Lists of books donated to the Harvard College Library by Thomas Hollis
- Harvard College Library (Organization)
Extent.26 cubic feet (1 half document box)
Biographical Note: Thomas Hollis
Thomas Hollis was born in London, England on April 14, 1720. He was born into a family of successful merchants and manufacturers and was the only child of Thomas Hollis (d. 1735). The name of his mother, a daughter of Mr. Scott of Wolverhampton, is not known. His father died when he was fifteen years old, leaving Thomas sole heir to a large fortune. When his grandfather died three years later, his estate increased substantially once again. Hollis pursued broad, liberal studies throughout his life. He was a student at the free school in Newport until the age of nine or ten, when he enrolled at St. Albans. Several years later he spent fifteen months in Amsterdam, studying languages and mathematics in anticipation of a career in business. He took chambers at Lincoln's Inn from 1740 to 1748, and although he read law he never pursued a legal or political career. Due to his sizable inheritance, Hollis was never obligated enter professional life, and he instead devoted much of his time and energy towards travel, civic engagement, and philanthropy.
Hollis was an ardent admirer of John Milton and collected artifacts related to him; this interest ran so deep that he even purchased the bed in which Milton died. He also collected widely, with collections encompassing books, classical antiquities, coins, medals, and works of art. He remains widely known among bibliophiles for the distinctive bindings he commissioned for books he donated and otherwise distributed, and he was a patron of many writers, printers, publishers, and artists. Although he has been described as a "political propagandist," most assessments of Hollis's life and deeds are more generous.
Thomas Hollis died suddenly on January 1, 1774 and was buried, as he had wished, ten feet deep in a field at his Corscombe, Dorset farm. The field was then plowed over, also per Hollis's instructions, leaving his grave unmarked. As Hollis never married, his estate was left to longtime friend Thomas Brand on condition that Brand added the name of Hollis to his own name. He did, becoming Thomas Brand Hollis, and continued his friend's traditions of philanthropy and political engagement.
Although the fire was devastating, as the College library was already more than a century old and had been the largest library in British North America prior to its destruction, the donations made in its wake were tremendous. Although many colonists made small donations, the rapid and thoughtful rebuilding of the library collections were primarily the result of large and generous donations from Britain. Thomas Hollis V, who shipped thousands of volumes across the ocean to Harvard from London, was the most significant of these donors. The titles he shipped in the years following the 1764 fire were not arbitrarily selected, but rather carefully assembled to represent what he considered the most important and relevant works for the education of young men in colonial New England. He sent works on government and political theory, classical antiquity, agriculture, geology, medicine, and many other subjects he deemed practical for the formation of citizens and scholars. Hollis often had these books distinctively bound, and he frequently annotated them to highlight the passages and themes he considered most essential. Following Hollis's death in 1774, a bequest of 500 pounds sterling established Harvard's first endowed fund for the purchase of books. This fund is still in active use.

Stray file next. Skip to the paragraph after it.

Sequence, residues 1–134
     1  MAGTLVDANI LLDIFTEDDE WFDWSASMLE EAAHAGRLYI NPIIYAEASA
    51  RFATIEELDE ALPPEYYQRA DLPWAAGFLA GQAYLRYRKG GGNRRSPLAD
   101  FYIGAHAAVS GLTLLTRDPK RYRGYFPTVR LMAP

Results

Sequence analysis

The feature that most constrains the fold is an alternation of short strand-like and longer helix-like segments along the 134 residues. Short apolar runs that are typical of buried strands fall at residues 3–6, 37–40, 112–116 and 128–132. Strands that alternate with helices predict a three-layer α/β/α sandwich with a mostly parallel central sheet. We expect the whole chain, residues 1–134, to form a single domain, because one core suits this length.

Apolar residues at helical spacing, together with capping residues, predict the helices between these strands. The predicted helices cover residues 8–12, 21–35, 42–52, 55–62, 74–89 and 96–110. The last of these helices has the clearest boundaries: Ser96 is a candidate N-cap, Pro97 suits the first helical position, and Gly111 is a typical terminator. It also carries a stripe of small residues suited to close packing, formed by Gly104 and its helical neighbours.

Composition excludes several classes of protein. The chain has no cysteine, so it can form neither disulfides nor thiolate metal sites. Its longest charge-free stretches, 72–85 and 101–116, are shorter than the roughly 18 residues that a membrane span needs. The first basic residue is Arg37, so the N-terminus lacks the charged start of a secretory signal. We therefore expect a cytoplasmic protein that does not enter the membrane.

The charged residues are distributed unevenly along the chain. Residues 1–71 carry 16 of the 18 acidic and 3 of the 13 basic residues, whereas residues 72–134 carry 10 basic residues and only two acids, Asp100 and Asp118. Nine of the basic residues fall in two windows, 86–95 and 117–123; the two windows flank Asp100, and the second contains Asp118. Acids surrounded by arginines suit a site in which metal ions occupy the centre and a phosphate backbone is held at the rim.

- An Account of the fire at Harvard-College, in Cambridge; with the loss sustained thereby. Boston: Printed by R. and S. Draper, 1764.
- Bond, W. H. Thomas Hollis of Lincoln's Inn: A Whig and his Books. Cambridge, England: Cambridge University Press, 1990.
- Bond, W. H. "The Cover." In The Journal of Library History vol. 22, no. 3 (summer 1987): 338-341.
- Bonwick, Colin. "Hollis, Thomas (1720-1774)." In the Oxford Dictionary of National Biography. Oxford: Oxford University Press, 2004.
- Clegg, Samuel. "Thomas Hollis: Book-Lover, Politician, and Philanthropist." In The Bibliophile vol. 1, no. 1 (March 1908): 37-40.
- Robbins, Caroline. "Library of Liberty – Assembled for Harvard College by Thomas Hollis of Lincoln's Inn." In the Harvard Library Bulletin vol. 5, no. 1 and 2 (1951): 5-23, 181-196.
This finding aid was created by Laura Morris in January 2011.
Preservation and description of the Lists of books donated to the Harvard College Library by Thomas Hollis was supported by the Arcadia-funded project Harvard in the Seventeenth and Eighteenth Centuries.
- Harvard College Library. Lists of books donated to the Harvard College Library by Thomas Hollis, 1763-1787: an inventory
- EAD ID
Part of the Harvard University Archives Repository
Holding nearly four centuries of materials, the Harvard University Archives is the principal repository for the institutional records of Harvard University and the personal archives of Harvard faculty, as well as collections related to students, alumni, Harvard-affiliates and other associated topics. The collections document the intellectual, cultural, administrative and social life of Harvard and the influence of the University as it emerged across the globe.
Cambridge MA 02138 USA